What is Restorative Justice?
Traditionally, western legal systems focus on answering three questions: what laws have been broken, who did it, and how should he or she be punished (Zehr, 2002). Attorneys, judges, and juries execute this process, devoting substantial attention to the offender’s rights and ensuring that those rights have not been and are not violated. This system casts the State, represented by the prosecution, as its primary victim, instead of the individual directly affected or the community in which the act was committed (Zehr, 1997). The direct victim is rarely included in the proceedings in a way where they can confront the offender and tell them how he or she has been affected by the offender’s actions. In fact, the offender is permitted to question the victim in court; this often leads to further traumatization and victimization. At the end of the process, the offender is sentenced by a judge, who follows the mandates of the law; however, a sentence doesn’t always meet all of the social, physical or psychological needs of the offender.
Restorative justice, on the other hand, shifts the focus to: the harms created by the offense, how to restore the victim, community and the offender, and steps that can be taken by the offender to make things right; these steps are intended to be specific, measurable, attainable, reasonable, respectful, timely and restorative, rather than shaming and punitive. First, offenders must take responsibility for their actions; the offender must voluntarily agree to be involved in the restorative justice process. The process is designed this way so that rather than being scolded the offender is educated about the impact of their actions; the process is not about trying to prove whether the individual is guilty or innocent of the offense, but rather it is about how to restore the offender, victim, and community (Zehr, 2002). Members of the community, where the offense took place, listen to the offender tell their story and address the harms created by the offense.
There are many different models for how these restorative justices practices are put into action. The most common forms used are: Victim Offender Conferences, where a trained facilitator leads the victim and offender in a discussion, Family Group Conferences, which include people close to the offender, members of the community, and individuals close to the victim, and Circles, where participants and stakeholders of various backgrounds meet together and take turns in addressing a case. In all of these models victims are allowed to meet the offender face-to-face, tell the offender how they have been affected and what they need from the offender to makes things right. Victim participation is also entirely voluntary. This process not only helps the victim heal but also reinforces for the offender that their actions have consequences; it concludes with a mutual agreement that is to be fulfilled by the offender. These agreements are able to be individually tailored to the needs of each offender and case.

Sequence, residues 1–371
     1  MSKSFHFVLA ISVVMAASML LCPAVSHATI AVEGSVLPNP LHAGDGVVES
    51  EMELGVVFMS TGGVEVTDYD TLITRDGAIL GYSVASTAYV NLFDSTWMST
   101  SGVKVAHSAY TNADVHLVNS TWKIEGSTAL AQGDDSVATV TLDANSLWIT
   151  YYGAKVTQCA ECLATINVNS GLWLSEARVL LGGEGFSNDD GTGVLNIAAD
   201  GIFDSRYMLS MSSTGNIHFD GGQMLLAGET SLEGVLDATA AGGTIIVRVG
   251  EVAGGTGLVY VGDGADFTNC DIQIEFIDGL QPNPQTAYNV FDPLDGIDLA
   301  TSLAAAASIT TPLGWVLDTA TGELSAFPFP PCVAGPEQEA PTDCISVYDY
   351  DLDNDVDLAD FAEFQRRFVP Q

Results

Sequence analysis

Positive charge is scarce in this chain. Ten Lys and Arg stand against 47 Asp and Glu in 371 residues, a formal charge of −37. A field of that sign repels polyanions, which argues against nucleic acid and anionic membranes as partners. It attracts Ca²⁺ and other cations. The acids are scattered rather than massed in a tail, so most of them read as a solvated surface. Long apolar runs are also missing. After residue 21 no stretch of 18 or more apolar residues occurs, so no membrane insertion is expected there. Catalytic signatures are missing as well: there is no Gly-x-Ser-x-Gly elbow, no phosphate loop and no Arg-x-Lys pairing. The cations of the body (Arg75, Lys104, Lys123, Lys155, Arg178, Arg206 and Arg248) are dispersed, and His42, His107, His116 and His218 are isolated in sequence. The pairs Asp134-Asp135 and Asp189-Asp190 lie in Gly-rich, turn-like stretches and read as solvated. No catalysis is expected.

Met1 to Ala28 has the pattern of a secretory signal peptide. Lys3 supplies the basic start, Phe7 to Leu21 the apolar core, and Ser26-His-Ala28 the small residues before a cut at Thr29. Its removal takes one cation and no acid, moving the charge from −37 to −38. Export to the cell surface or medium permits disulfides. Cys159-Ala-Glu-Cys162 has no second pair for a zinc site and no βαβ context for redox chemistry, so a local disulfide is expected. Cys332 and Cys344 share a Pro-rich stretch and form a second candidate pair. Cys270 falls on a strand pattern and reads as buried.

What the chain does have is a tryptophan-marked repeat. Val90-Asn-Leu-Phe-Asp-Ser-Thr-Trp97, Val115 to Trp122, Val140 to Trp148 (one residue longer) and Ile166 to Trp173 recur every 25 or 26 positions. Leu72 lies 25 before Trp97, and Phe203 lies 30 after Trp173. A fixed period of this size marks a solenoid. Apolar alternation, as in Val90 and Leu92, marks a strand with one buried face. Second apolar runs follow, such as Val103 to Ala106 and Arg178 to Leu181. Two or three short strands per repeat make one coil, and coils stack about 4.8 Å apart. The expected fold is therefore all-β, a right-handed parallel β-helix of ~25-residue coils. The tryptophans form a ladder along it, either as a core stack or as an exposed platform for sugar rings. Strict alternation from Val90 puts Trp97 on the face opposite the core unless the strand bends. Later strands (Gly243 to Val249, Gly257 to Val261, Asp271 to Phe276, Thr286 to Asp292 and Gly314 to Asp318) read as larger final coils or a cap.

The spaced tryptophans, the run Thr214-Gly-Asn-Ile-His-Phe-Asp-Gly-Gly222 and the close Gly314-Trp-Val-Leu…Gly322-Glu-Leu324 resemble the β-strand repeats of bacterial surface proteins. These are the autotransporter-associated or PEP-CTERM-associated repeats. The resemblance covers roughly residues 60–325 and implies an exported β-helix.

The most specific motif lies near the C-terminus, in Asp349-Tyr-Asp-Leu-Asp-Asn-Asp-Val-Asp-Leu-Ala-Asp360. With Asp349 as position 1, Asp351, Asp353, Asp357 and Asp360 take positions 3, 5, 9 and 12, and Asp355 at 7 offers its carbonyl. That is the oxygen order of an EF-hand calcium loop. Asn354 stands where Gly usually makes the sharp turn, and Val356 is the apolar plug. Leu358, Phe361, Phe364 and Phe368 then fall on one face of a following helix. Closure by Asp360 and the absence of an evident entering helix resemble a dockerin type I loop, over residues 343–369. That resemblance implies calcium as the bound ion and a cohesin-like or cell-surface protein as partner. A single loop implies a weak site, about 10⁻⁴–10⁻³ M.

Systems implementing these restorative justice principles have ushered in numerous successes. Offenders who choose to go through programs based on restorative justice have lower recidivism rates compared to those who go through the traditional criminal justice system (Umbreit et al., 2006; Umbreit et al., 2001; Wade et al., (2004)). Cases in restorative justice programs are also resolved faster and these programs can handle cases for a much lower cost than the traditional system (Umbreit et al., 2006; Umbreit et al., 2001). Both offenders and victims report high satisfaction with restorative justice programs after completing them (Umbreit et al., 2006; Umbreit et al., 2001). That said, restorative justice is a living and growing process; it is being adopted and developed by many communities worldwide. There is a great demand for research to be done to fully understand how these programs affect the individuals who go through them and the communities where they are implemented.
Restorative Justice in Our Community
The restorative justice movement began in the 1970’s and 80’s in communities across the United States and Canada. (Zehr 2002). The ideals of restorative justice first took hold in Mennonite and tribal communities; it was in these communities where restorative justice practices were first implemented and refined. One of the pioneers of the restorative justice movement, Howard Zehr, is a member of the Mennonite community. In New Zealand, the entire juvenile system was reworked to incorporate the principles of restorative justice, instead of the traditional criminal justice system (Zehr 2002). Police officers in Australia built off of the model implemented in New Zealand to better implement restorative justice efforts in their own communities (Zehr 2002). In 2011 and 2014, when AB 109 and Proposition 47 passed in California those in the criminal justice community were tasked with finding innovative, viable alternatives to the traditional criminal justice. Restorative justice became an attractive approach for dealing with certain crimes and their effects on the communities within California.